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Gene expression patterns in normal human liver cells exposed to tetrachloroethylene using microarray analysis.
Keshava N; Ong T
Environ Mol Mutagen 2002 Jan; 39(Suppl 33):35
Tetrachloroethylene (TCE), is an industrial solvent widely used in dry cleaning, textile-processing, degreasing fabricated metal parts and paint stripping. Occupational exposure to TCE can occur through inhalation, skin contact or ingestion during its use in dry cleaning and degreasing. Although there IS limited evidence in humans for carcinogenicity of TCE, it is classified as a probable carcinogen to humans by International Agency for Research on Cancer. In this study, we have investigated TCE exposure and global gene expression pattern in normal human liver cells using microarray analysis. Exponentially growing cells were exposed to a final concentration of 200 and 400 uM of TCE for 12 h. Total RNA was used for the preparation of double stranded cDNA. Biotin labeled cRNA transcript was synthesized using cDNA, fragmented and hybridized to HuGeneFL GeneChip probe arrays representing more than 6800 human genes and expressed sequence tags. The arrays were stained with streptavidinphycoerythrin and biotinylated anti-streptavidin antibodies. The differential gene expression data analysis was performed using GeneChip(r) 4.0 software. The 3'/5' cRNA transcript ratios for both GAPDH and a-actin were found to be consistent between control and treatment groups over a period of 12 h exposure. Altered gene expression pattems were observed in 194 RNA transcripts with at least a 2 fold change. Alterations in expression of some of the genes include XRCC4, Rad51, Has2, metalloproteinase, MDM2 gene, TNF receptor, Ra1, heat shock protein 70, TNF-receptor-1 associated protein (TRADD). The results indicate that TCE induces changes in expression of certain important cell cycle regulation genes. Whether these genes are directly involved in the process of TCE-induced carcinogenesis needs to be elucidated.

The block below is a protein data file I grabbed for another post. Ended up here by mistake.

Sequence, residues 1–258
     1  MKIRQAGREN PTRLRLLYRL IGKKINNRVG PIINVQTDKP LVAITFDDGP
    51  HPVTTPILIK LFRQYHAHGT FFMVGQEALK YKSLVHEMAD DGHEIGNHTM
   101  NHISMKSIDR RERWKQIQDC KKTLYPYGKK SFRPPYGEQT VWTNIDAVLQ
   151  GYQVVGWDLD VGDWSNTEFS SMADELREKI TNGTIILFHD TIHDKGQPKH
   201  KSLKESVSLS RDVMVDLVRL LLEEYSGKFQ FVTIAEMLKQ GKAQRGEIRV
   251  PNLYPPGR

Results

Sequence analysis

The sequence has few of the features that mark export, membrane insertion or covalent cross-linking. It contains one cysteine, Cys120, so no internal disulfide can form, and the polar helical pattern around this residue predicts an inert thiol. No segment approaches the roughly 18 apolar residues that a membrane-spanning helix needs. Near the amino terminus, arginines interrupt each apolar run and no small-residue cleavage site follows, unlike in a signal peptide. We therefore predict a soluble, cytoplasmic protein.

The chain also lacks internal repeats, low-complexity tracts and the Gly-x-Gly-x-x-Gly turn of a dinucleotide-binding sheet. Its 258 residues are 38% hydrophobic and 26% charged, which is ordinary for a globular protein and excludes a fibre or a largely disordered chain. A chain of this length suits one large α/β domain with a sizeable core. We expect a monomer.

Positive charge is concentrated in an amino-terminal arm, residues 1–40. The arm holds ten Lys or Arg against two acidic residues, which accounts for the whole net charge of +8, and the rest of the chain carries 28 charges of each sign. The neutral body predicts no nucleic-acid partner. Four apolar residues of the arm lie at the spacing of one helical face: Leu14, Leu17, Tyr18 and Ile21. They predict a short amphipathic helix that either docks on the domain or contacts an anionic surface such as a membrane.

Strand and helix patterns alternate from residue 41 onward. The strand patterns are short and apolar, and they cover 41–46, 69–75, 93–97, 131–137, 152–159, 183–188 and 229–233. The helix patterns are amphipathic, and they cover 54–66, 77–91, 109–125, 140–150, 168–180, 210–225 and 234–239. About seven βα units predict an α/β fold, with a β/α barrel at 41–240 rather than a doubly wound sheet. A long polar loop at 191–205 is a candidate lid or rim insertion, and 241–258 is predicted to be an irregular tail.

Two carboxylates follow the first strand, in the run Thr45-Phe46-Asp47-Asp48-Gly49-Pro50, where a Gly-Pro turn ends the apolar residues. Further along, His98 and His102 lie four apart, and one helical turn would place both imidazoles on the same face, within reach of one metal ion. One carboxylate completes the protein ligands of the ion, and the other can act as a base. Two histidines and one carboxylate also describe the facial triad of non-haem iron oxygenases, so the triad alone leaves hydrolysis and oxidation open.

Genes; Liver-cells; Solvents; Occupational-exposure; Skin-exposure; Carcinogenicity; Carcinogens; Carcinogenesis
Research Tools and Approaches: Cancer Research Methods
Environmental and Molecular Mutagenesis
Page last reviewed: May 5, 2020
Content source: National Institute for Occupational Safety and Health Education and Information Division